Public libraries and Maker spaces 

Since the first public library created a Maker space in the USA (McCue, 2011) many more have become involved – from running workshops to having permanent Maker spaces.

Reasons given for getting involved include the ethos that libraries should equalise access to technology as they do to information (Groenendyk, reported by Anstice, 2013a),  to keep up to date with the way we interact with information (Smedley, reported by McCue, 2011), and that literacy doesn’t solely apply to information (Rist, reported by Rusch, 2011)

The UK 

UK Hackspace Foundation (2013) lists 38 hacker/ maker space communities. Arts Council England (ACE) mentions Maker spaces in its “envisioning the library of the future” document (no date), fitting into their priority for libraries to “make the most of digital technology and creative media” (ACE, 2013). However, thus far Maker spaces and UK public libraries have only held one-off events together; e.g. Gateshead library’s Gadget day (Ed, 2012) and a 3D printer at Brighton Jubilee Library during Brighton’s Digital Festival. Initiatives have taken place without library involvement; e.g. Fab Labs, containing purely digital fabrication technology, at 7 UK locations (Cheshire West and Chester Council, reported by Anstice, 2013b).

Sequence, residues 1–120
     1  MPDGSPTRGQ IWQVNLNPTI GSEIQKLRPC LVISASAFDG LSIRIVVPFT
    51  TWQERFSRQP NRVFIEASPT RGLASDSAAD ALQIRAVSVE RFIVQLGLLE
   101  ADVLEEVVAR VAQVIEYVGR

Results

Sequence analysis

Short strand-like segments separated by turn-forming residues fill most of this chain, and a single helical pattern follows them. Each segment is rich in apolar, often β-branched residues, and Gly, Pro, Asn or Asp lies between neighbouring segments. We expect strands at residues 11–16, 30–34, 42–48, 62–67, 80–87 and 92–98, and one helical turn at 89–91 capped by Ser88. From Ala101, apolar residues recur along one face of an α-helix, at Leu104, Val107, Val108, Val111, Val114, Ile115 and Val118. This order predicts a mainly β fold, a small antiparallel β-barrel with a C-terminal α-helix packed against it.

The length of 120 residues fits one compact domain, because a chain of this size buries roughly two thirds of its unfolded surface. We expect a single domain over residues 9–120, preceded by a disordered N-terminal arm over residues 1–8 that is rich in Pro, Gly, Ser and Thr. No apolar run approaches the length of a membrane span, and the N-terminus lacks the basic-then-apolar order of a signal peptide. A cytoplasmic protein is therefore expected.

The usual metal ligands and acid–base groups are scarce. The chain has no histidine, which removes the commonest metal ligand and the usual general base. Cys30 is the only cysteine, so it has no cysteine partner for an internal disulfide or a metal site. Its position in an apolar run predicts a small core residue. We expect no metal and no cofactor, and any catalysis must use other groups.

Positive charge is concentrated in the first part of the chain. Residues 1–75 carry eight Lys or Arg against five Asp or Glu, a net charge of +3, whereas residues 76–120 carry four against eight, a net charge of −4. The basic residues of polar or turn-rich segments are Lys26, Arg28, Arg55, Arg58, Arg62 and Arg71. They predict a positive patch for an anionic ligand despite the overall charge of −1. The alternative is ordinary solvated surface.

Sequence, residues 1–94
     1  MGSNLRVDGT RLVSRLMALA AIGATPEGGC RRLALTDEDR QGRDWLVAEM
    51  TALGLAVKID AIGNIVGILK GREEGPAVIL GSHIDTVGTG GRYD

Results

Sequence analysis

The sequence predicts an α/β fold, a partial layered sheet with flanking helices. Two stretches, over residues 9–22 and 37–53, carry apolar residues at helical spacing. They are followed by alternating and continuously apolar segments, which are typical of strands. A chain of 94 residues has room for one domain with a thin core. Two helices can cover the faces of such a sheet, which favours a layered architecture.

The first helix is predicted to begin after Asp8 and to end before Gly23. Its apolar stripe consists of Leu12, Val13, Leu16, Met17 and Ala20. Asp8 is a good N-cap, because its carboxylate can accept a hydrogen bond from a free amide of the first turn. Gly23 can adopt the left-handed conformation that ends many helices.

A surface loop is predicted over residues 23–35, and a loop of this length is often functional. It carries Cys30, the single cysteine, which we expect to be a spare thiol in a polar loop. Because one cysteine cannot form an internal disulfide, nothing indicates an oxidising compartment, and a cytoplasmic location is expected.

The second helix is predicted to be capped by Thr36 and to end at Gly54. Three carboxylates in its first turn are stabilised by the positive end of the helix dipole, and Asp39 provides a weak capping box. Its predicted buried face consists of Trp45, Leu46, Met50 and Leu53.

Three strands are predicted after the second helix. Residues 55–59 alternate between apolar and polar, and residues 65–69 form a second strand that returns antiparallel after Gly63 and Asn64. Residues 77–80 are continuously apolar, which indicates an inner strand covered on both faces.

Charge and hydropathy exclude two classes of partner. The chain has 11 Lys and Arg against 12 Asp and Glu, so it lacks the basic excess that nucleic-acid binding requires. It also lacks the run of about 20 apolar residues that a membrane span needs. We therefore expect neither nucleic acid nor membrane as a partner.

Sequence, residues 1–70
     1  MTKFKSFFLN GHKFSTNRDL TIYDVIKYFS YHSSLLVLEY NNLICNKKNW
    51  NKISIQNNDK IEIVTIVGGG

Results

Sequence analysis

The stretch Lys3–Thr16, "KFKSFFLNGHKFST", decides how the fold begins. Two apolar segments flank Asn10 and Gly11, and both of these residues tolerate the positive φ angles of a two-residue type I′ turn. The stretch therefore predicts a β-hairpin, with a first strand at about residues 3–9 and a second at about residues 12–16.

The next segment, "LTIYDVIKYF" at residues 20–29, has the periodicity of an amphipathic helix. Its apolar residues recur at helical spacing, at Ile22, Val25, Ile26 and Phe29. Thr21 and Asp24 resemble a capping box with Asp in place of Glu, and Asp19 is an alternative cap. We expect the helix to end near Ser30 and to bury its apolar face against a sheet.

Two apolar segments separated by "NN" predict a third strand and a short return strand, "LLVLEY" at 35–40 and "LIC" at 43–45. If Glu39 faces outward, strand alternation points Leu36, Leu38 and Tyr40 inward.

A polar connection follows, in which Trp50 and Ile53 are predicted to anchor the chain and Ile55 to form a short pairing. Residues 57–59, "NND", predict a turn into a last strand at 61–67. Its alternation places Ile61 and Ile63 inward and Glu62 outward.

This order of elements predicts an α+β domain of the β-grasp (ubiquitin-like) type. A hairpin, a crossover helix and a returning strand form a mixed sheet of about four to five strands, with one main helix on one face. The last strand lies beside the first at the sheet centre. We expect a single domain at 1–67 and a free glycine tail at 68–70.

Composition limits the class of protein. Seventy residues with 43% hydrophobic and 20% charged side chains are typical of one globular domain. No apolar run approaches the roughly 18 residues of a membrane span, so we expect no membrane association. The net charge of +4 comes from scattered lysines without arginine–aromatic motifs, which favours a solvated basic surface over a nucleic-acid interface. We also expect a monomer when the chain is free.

I received one response (Gateshead library) to my plea on the Public Libraries JISCMAIL list for librarians to share their Maker space experience, suggesting Maker space activity from public libraries is minimal. I received no responses giving reasons libraries had considered and rejected Maker space ideas. I am aware of one other potential project, a Fablab for Exeter library (Eastell, 2013).

Considerations

Thompson (2013), the librarian behind Gatehead’s Gadget Day, explained that it was held to try to meet an objective to encourage more men and teenagers into the library, which was achieved. This highlights the need for plans for a Maker space to be aligned to stakeholder objectives to have chance of consideration, and ultimately success. Thompson feels the event had the effect of changing perceptions of what a library can offer.

Edgar (2013), the LibrariesWest Systems Manager, suggests the biggest factor that could hinder public library involvement in a Maker space is the technical infrastructure that libraries need to work with from a local authority policy and technical point of view (e.g. wi-fi provision). He suggests a successful event would necessarily require limited specialist infrastructure from the library and willingness from local experts in the specialised technologies to support the space.

 Conclusion 

A library located Maker space is an opportunity to engage the public in a new way whilst maintaining the ethos of equalising access. With constrained budgets and difficult technical environments, the only way to do this successfully may be by creating partnerships (for funding and running spaces) with existing organisations – technical, educational and commercial.

References 

 

No comments yet.

Leave a Reply

Your email address will not be published. Required fields are marked *

CAPTCHA Image

*

You may use these HTML tags and attributes: <a href="" title=""> <abbr title=""> <acronym title=""> <b> <blockquote cite=""> <cite> <code> <del datetime=""> <em> <i> <q cite=""> <s> <strike> <strong>